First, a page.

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Ques. Through the merger, UTI-GTB were expected to derive a lot of synergy and complement each other's strengths.

Comment.

UTI Global Bank is expected to effectively combine the strengths and complementary features of the two banks. It will be strongly capitalized with a net worth likely to exceed Rs. 10 billion by the end of March 2001 On January 24, 2001, when the merger was announced, the GTB stock hit the two upper circuit limits of 8% each on the BSE, and was locked at Rs 93.95. The trading volume pattern of GTB and UTI Bank stocks also showed a marked rise on the BSE. GTB and UTI Bank were attracting merger volumes till the first week of January. Trading volumes picked up, with average daily volumes on the GTB counter at BSE increasing from 20,000 shares to 1,57,000 shares on January 24. At NSE the trading volumes jumped fourfold, from 15,000 shares to close to 67,000 shares. The price of the stock also increased from Rs 81 to Rs 94. It was the same story in the case of UTI Bank shares. Trading volumes on the UTI counter at BSE rose from 34,000 shares to 2,58,000 shares on January 24 while at NSE the volumes shot up five times from an average of 45,000 to 2,70,00. The stock price marginally increased from Rs 45.75 to Rs 49.85. GTB was alleged to have rigged its own shares before the merger for negotiating a better swap ratio of 2.25 shares of UTI Bank for each GTB share. The matter was investigated by SEBI.

Ques. Compare and contrast the methodology adopted by SBI Caps and Deloitte, Haskins and Sells to arrive at a swap ratio for the UTIBGTB merger.
In March, UTI Bank went for revaluation of the share swap ratio. UTI Bank appointed the Mumbai-based consultancy firm, Deloitte Haskins & Sells, to suggest a share exchange ratio. GTB said it was likely to reconsider merger with UTI Bank if the new valuation report of Deloitte, Haskins & Sells suggested a share swap ratio lower than 2.25:1 decided earlier. UTI Bank had earlier threatened to pull out of the proposed merger over sharp differences on the issue of going in for a fresh valuation, to review the share swap ratio decided for the merger. However, GTB was unwilling to accede to UTI Bank's demand on the grounds that the share swap ratio, which was based on valuation by SBI Caps, had already been accepted by the boards and shareholders of both the banks. . In late March 2001, Deloitte, Haskins and Sells submitted a copy of its valuation report to UTI Bank, which in turn submitted the same to the RBI. Deloitte, Haskins and Sells suggested a swap ratio of 2:1, which was slightly lower than 2.25:1 proposed earlier by SBI Caps. Before taking any decision, RBI waited for the SEBI report on the alleged price manipulation in the GTB scrip. The bank was weighing its options on the merger based on SEBI's report and RBI's response to the second valuation. But at the same time GTB resisted moves to significantly alter the share swap ratio suggested by SBI Caps. The share swap ratio was likely to remain unchanged at 2.25:1 even though Deloitte, Haskins and Sells had recommended a marginal reduction in the ratio in favor of UTI Bank. TAKING part in a merger can be fraught with pitfalls. But many companies fail to invest the time and effort in what can be a make or break move for the businesses concerned. Without careful planning, the tie-up can present a huge burden which can take years to resolve - reducing the business advantages of the merger and sapping the strength of the new, combined operation.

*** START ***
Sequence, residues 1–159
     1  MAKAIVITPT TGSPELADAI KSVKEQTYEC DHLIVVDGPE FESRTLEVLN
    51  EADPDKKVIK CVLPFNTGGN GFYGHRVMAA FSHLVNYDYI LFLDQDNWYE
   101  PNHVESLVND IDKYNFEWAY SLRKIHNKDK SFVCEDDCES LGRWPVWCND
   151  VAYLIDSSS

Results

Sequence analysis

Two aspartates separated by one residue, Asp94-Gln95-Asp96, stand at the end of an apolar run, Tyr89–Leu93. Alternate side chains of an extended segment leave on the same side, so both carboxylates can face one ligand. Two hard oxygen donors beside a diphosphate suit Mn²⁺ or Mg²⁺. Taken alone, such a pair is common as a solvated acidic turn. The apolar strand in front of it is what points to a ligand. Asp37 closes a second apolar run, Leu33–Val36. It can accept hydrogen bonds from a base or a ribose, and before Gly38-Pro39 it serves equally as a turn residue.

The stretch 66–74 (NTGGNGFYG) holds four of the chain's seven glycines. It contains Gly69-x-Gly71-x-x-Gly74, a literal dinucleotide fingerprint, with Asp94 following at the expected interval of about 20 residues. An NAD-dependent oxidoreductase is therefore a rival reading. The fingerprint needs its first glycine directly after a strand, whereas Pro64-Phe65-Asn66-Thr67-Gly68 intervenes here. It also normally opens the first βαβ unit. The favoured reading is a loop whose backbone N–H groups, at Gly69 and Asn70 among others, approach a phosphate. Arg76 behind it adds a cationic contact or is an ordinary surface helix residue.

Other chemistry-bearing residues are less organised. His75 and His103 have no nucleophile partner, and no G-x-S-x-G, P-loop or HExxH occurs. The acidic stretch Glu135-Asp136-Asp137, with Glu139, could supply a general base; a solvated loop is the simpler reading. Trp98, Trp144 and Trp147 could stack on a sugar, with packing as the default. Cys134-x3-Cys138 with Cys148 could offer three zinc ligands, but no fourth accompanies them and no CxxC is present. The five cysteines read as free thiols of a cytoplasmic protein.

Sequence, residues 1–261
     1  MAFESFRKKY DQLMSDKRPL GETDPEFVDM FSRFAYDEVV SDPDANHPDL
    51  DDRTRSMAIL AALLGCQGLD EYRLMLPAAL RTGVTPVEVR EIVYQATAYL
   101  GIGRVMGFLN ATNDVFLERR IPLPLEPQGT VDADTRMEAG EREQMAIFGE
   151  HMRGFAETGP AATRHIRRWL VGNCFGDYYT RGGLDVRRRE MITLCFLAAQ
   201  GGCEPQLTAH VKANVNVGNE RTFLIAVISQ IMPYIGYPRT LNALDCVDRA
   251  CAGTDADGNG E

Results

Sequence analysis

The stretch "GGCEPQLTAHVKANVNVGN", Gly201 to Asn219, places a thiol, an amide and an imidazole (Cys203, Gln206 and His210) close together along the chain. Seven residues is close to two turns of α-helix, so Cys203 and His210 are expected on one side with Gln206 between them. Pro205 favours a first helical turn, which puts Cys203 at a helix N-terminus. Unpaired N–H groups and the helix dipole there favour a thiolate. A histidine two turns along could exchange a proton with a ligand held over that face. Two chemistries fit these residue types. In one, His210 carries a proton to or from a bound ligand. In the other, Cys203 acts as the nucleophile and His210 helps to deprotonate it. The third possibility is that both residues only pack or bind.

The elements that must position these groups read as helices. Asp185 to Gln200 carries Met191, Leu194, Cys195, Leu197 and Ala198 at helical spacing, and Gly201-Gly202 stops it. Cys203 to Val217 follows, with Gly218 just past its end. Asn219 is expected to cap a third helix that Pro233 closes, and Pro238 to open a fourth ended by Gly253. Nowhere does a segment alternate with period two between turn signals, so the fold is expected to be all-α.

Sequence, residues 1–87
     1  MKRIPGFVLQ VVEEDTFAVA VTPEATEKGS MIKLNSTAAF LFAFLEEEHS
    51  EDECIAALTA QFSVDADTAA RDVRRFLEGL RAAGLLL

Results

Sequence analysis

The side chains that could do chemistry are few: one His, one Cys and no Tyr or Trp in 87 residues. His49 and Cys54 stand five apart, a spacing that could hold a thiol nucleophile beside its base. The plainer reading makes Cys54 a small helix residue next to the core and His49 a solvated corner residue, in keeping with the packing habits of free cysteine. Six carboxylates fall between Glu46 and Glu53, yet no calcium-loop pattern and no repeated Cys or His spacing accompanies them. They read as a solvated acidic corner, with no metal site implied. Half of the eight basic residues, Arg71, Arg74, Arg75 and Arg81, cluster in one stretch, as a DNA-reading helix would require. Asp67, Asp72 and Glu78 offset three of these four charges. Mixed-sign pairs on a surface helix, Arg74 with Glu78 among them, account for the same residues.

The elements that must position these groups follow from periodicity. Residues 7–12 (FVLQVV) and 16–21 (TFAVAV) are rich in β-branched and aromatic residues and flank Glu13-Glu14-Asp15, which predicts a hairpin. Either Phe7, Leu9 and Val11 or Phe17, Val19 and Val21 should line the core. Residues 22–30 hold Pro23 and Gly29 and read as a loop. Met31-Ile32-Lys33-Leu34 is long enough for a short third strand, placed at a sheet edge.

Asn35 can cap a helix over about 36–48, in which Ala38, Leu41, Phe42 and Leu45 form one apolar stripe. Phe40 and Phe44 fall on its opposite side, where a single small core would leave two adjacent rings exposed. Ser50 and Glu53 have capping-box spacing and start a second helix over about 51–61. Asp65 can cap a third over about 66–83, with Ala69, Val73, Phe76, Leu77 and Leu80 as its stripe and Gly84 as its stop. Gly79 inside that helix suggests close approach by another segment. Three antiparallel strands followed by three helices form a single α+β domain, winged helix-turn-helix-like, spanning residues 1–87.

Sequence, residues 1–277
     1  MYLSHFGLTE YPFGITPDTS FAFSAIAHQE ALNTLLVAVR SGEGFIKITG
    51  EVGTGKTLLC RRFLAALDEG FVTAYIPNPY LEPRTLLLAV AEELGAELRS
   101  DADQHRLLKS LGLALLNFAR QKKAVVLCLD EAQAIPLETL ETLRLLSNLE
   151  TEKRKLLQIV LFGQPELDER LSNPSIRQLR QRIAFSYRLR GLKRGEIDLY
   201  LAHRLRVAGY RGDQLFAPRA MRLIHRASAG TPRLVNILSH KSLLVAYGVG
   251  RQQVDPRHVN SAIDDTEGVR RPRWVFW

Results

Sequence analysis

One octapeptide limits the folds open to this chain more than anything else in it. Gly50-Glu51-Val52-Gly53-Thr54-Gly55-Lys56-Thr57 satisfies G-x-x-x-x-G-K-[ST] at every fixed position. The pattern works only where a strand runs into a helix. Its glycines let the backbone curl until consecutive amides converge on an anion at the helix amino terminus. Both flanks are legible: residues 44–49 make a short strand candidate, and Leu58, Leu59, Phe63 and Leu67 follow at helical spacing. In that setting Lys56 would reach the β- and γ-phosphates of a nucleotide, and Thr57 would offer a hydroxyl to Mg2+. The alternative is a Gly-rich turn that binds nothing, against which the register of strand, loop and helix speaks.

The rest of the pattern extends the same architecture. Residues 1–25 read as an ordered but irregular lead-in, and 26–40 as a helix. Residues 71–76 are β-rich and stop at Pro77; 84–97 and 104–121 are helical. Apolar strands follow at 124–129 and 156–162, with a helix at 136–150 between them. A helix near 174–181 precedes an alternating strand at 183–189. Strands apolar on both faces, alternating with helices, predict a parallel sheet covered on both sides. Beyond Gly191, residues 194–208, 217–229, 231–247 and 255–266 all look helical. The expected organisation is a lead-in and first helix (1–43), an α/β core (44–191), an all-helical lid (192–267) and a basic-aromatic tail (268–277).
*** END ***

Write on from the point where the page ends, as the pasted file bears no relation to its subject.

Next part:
Ques. Mergers and acquisitions are not new to the banking industry. It all started with the HDFC-Times Bank merger followed by ICICI Bank-Bank of Madura. Some other banks planning a merger are the IndusInd Bank, Centurion Bank and the Bank of Punjab. Keeping in view the failure of the UTIB-GTB merger, outline the steps to be taken by these banks for a successful merger.

Here lists a dozen key steps to achieving a successful merger: Spend a lot of time identifying and researching potential business partners - don't just go with the first proposal that presents itself. Make sure there is a good 'cultural' fit as well as a sound commercial one. Ensure you appoint respected and experienced professional advisers to represent you. Involve your bank or institutional funder as early as possible. Be prepared to dedicate a lot of time to negotiations with the management team of the other business and their advisers. Ensure you have sufficient information about them on which to agree terms for the deal. Following negotiations, heads of terms will be drawn up. As well as recording the fundamentals of the deal, these will probably grant each party a period of exclusivity to undertake financial and legal due diligence. Use this period wisely. Establish exactly what you are intending to achieve - is it as sound a commercial move as you expected and are those magical 'synergies' really going to appear in an acceptable time frame. Check your bank is still supportive. If they are, ask them to detail the terms of their commitment. Examine the continuity of suppliers and transferability of any contracts affected by the merger.

Check whether key staff will remain committed after the deal has been done - keep them well and carefully informed to avoid confusion about the deal. Don't neglect your existing business during the merger process - the corporate graveyard is littered with sound businesses that fell apart because management took their eyes off the ball. Don't forget that you may need the approval of your shareholders in order to complete the deal. Don't underestimate the time, resources, energy, enthusiasm and commitment that will be needed after completion of the merger to successfully integrate the businesses.